However, throughout the book I saw Clara grow and learn. She formed a bond with Rose, and they learned a things from one another. Although, I am not a fan of stories where characters forget about their old friends, I do understand that people grow apart. But I felt like Clara was sort of ditching her old friends, instead of having a real conversation with them about their friendships.
There was a romance aspect, but it seemed rather rushed. I know that not all romances have to be slow burns, but let’s have an actual friendship start to form before a relationship happens. From the moment Clara and Hamlet met, she was kind of obsessed with her. She was jealous when she thought he liked Rose, which is crazy since they weren’t even a thing yet.
“The person who feels no fear in their heart when seeing a freaking clown in the flesh is probably a serial killer!”
I found them to be very clingy to one another, and I didn’t like that Hamlet didn’t respect Clara’s choices. There was a moment he used the ‘boyfriend’ title. She cleared stated she wasn’t ready for that, but did he listen? Nope. Also, who says ‘I love you’ after just a short while of dating? Especially as a teenager.
As for the father and daughter relationship, I found it very refreshing. Not a lot of books focus on the family side of things. It was very real that Clara was used to being the center of her father’s world, and her reaction to that changing was understandable.
There is a food truck competition within the story, but it actually played a pretty small part of the plot. Honestly, the author could have omitted it, and that wouldn’t have bothered me. Something I did enjoy, were the pop culture references throughout the book. They mentioned ‘Supernatural’, and hung out at ‘7/11,’ That, I found slightly weird. Do people do that?
Overall, the ending was predictable and happy. But all in all, the book was kind of forgettable, at least for me. It could be that I didn’t mesh with the writing style, and it felt like a younger YA contemporary. In the comments, let me know if you’ve read this book. And, before you go, please hit that follow button!
INSTANT #1 NEW YORK TIMES BESTSELLER • From the author of One of Us Is Lying comes a brand-new pulse-pounding thriller. It’s Ferris Bueller’s Day Off with murder when three old friends relive an epic ditch day, and it goes horribly—and fatally—wrong.
I went into this book knowing that I was most likely going to enjoy it. And I wasn’t wrong. Unlike McManus’ other books, it didn’t start off with a bang, or dive right into the main story. Although I do prefer books that start with a bang, I found the build up to the murder/mystery refreshing.
The main three characters were similar to characters from other Karen M. McManus books. So, I wish there was more variety to her characters’ personalities. However, I found them each likable, and I can see how their friendship once worked.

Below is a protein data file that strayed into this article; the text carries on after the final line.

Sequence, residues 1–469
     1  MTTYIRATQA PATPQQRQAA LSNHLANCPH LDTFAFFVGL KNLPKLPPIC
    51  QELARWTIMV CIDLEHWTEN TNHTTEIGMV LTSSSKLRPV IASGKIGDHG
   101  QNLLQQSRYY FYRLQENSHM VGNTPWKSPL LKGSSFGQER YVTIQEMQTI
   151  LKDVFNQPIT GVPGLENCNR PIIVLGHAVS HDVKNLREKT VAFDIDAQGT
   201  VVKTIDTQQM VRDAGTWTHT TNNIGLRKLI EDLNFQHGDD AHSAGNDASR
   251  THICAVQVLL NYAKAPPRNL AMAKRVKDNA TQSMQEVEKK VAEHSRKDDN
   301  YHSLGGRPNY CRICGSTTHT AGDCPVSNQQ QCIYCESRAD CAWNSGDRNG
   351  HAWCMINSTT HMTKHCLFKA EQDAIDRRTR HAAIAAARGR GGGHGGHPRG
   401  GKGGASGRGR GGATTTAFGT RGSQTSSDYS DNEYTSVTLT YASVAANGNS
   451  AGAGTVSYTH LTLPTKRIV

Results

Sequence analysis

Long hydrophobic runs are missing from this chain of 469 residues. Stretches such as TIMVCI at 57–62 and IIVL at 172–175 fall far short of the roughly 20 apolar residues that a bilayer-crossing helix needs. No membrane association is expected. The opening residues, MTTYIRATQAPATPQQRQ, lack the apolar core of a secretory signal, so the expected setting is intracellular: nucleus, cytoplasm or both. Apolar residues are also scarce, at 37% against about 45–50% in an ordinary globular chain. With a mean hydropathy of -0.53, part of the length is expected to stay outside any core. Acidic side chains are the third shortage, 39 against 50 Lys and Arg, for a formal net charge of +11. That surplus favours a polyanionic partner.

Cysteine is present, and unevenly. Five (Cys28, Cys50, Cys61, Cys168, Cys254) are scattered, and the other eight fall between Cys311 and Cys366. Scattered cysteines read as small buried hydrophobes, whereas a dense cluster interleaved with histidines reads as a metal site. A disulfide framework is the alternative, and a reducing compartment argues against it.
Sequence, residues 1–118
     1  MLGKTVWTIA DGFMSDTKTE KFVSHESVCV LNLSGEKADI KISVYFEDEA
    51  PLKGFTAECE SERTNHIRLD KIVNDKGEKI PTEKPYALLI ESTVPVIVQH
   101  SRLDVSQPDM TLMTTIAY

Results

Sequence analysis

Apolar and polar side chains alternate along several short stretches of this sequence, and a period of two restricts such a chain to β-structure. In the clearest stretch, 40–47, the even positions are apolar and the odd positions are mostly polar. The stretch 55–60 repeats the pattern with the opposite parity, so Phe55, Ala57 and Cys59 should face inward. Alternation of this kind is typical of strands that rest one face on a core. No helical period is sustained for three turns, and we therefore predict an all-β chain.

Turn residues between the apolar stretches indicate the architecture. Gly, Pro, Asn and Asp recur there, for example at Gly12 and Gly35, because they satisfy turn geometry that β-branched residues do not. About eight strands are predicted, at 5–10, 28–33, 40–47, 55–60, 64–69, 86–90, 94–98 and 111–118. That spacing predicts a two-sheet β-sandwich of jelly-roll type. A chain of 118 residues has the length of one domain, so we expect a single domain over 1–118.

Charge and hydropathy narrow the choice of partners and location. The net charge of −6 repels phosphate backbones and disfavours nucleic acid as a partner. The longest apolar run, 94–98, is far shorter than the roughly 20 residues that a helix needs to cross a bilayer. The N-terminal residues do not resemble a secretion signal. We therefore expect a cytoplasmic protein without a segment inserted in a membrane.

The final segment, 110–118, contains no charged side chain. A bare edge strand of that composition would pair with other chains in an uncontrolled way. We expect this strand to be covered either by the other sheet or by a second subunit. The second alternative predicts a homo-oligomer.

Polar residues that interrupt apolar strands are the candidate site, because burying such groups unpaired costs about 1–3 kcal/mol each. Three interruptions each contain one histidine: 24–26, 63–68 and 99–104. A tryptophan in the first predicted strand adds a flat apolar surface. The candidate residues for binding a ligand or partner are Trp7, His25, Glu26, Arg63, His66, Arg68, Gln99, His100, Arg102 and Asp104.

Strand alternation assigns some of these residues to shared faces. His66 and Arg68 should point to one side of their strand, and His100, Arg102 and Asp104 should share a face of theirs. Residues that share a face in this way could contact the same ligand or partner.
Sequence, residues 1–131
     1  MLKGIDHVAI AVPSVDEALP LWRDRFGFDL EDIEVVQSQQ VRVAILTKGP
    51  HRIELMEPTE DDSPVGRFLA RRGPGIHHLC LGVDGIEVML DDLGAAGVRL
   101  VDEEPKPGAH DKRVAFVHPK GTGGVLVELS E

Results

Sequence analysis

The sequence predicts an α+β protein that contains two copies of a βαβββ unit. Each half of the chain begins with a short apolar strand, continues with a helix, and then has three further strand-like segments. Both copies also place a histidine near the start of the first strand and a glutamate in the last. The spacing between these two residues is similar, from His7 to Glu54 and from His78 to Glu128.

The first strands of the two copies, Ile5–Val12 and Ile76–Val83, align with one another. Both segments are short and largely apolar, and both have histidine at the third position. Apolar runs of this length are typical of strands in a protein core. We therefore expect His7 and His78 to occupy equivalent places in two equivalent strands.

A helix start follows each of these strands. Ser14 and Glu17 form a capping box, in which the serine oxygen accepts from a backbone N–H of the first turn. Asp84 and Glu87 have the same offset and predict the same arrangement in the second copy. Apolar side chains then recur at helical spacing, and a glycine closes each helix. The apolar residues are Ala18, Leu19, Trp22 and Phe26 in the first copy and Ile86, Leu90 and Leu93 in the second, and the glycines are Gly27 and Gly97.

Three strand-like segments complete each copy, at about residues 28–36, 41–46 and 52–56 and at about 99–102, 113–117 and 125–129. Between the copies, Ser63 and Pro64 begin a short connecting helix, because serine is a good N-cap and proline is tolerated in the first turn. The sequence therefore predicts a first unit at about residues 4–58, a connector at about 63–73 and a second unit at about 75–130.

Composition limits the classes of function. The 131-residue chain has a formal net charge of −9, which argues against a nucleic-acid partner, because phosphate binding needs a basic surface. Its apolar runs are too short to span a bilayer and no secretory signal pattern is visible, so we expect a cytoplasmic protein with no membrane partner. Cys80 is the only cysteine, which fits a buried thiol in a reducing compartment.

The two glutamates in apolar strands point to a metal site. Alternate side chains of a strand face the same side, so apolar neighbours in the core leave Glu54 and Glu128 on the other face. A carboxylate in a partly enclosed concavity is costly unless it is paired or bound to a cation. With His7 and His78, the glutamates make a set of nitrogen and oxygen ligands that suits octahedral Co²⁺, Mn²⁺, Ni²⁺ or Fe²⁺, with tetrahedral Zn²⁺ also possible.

There is a romance plot, which is typical when it comes to YA books, but I found the romance to be pretty weak. Although it was a second chance/friends-to-lovers type of romance, and I know that a lot of readers enjoy that trope.
I did feel that there was something off with the plot. It could be because I found the backstory about their friendship a little mundane. But she did manage to easily merge their past friendship into a new friendship. The author always finds a way to weave everything together, and make the story flow.
Unlike some thrillers, ‘You’ll Be The Death Of Me’ had a message to it. Sometimes we forget how deadly our emotions can be, and to not let them get the better of us. We always have to pay a price for revenge. And even if you didn’t intend to hurt someone, you can never truly know how things will turn out in the end.
“We all make mistakes, right? And almost never see the fallout coming.”
I found the fact that, throughout the book, the characters didn’t ignore hard topics, and had open communication with one another. This was nice, especially since they weren’t friends anymore. But it was the way they easily reconnected that made you see how they could have been friends, once upon a time.
The book showcased the many sides to a person, and how even horrible acts can be forgiven under the right circumstances. And that it is perfectly okay to ask for help. It also did, however, have some moments where I felt as though the characters were acting like hypocrites. However, they were rare instances.
I did happen to guess the killer, but every now and again, I find it fun to solve the mystery first. Still, this book has so much to offer, and there were a lot of shocking moments are the end. Plus the ending cliffhanger that I didn’t see coming.
I hope that Karen M. McManus doesn’t leave us hanging, because I am dying to see how the rest of this story plays out. In the comments, let me know if you have read this book, and if would like a sequel as well. Follow my blog for more book reviews!
When my best friend died of cancer just before her eighteenth birthday, she left her coveted bucket list to me. The things she already crossed off? Skinny dipping, going to Paris, completing the local hot wing challenge, road tripping to the ocean, and sending out a message in a bottle. So, it falls on me to finish it for her, to honor her memory. In the next year, it’s my mission to:
1. Dye my hair
2. Have sex
3. Camp out in a tent
4. Go bungee jumping
5. Get revenge on Lincoln Kolb
When I read the synopsis for this book, I figured it would be something that I would enjoy. The plot reminded me of ‘John Tucker Must Die’, which is a great movie. I hadn’t read anything by this author before, and (correct me if I’m wrong) I believe she is an indie author. Being an indie author myself, I always love to support other small time authors.
Going into this book, I assumed it fell into the YA genre, yet I found that the book leaned more towards new adult. This wasn’t a big disappointment, but it came as a shock to me, because I don’t typically read that genre.